Up to 100 Taiwanese fishing boats, escorted by 10 Coast Guard Administration ships, embarked on a protest voyage yesterday toward the Diaoyutai Islands (釣魚台) that organizers said was aimed at asserting local fishermen’s rights to operate in what they described as their “traditional fishing grounds.”
If officers on Japanese maritime defense vessels — which usually intercept Taiwanese fishing boats operating in the area — try to board the Taiwanese fishing boats, special service agents traveling on the coast guard vessels will “board our fishing boats to stop” the Japanese from boarding the Taiwanese ships, Coast Guard Administration (CGA) Minister Wang Jinn-wang (王進旺) said.
If the Japanese ships spray water at the Taiwanese fishing boats, Wang said, “we will spray water back at them.”
He added that he would not rule out the use of arms if “the other side resorts to it first.”
The coast guard official’s statements in the legislature showed Taiwan’s decision to protect local fishermen’s rights to fish in the waters around the disputed island chain, which is currently controlled by Japan, but also claimed by Taiwan and China.
Wang told lawmakers that Taiwan’s fishing boats would sail to waters to the southwest of the islands and that there was little likelihood they would meet a group of Chinese fishing boats also making a protest journey to the area.
More than 70 fishing boats departed from Nanfangao (南方澳) port in Yilan County for the island chain that lies 120 nautical miles (220km) northeast of Taipei.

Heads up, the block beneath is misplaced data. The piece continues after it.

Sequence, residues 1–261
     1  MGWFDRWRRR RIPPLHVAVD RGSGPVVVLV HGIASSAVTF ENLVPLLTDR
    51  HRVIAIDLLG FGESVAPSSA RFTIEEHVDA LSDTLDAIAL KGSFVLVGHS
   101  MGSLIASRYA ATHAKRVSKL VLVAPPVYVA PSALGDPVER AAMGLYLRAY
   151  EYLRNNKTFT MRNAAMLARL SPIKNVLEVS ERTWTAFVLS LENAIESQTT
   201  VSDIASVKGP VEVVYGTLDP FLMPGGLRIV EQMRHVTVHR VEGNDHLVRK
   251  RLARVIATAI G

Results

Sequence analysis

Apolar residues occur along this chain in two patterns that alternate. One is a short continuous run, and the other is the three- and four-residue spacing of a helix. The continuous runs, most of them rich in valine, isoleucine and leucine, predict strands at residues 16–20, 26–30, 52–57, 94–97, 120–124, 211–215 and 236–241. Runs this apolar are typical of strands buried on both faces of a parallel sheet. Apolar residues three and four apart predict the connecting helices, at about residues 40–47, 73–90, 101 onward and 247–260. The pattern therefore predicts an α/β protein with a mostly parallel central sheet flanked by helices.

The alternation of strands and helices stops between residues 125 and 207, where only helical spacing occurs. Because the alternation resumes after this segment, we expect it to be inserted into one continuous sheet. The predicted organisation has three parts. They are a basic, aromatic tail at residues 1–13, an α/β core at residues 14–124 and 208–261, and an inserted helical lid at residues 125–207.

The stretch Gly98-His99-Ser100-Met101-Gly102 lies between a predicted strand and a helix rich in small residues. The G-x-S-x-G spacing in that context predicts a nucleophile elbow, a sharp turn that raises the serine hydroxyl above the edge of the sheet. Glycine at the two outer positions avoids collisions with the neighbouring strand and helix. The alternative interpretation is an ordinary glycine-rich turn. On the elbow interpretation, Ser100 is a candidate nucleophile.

By the time they arrive in the target area at 5am today, they are set to be joined by other Taiwanese fishing boats to form a 100-strong flotilla in the “biggest-ever action” to demonstrate Taiwan’s sovereignty over the islands, Wang said.
Ten coast guard vessels ranging in size from 100 tonnes to 2,000 tonnes are ready to “intervene” in case Japanese ships attempt to block the Taiwanese fishing boats, he said.
Wang said Taiwan would not partner with China in protecting its fishing rights near the Diaoyutais, adding that the CGA would abide by the precepts of “no provocation, no conflict and no evasion.”
The Chinese Nationalist Party (KMT) caucus said it supported a legislative committee proposal for legislators to board coast guard vessels for an inspection tour of the island group, a move that is also to serve to assert Taiwan’s sovereignty claim.
However, Democratic Progressive Party caucus whip Pan Men-an (潘孟安) advised against such a move, saying that it is not in Taiwan’s interests to highlight its claim at a time when China is doing all it can to assert its sovereignty over the islands.
Pan said that over the past 40 years, China has never made any pitched claim over the Diaoyutais.
“It is doing so only to divert attention from its internal crisis,” he said, urging Taiwan not to get involved.
Minister of National Defense Kao Hua-chu (高華柱) said the military had response measures in place for contingencies that could arise from the visit by the fishing boats.
The military is to step up air patrols over the Diaoyutais and monitor the waters surrounding the islands, Kao told the Foreign Affairs and National Defense Committee.
The coast guard will be responsible for escorting the fishing vessels during the visit, while the military is to provide related support, Kao said.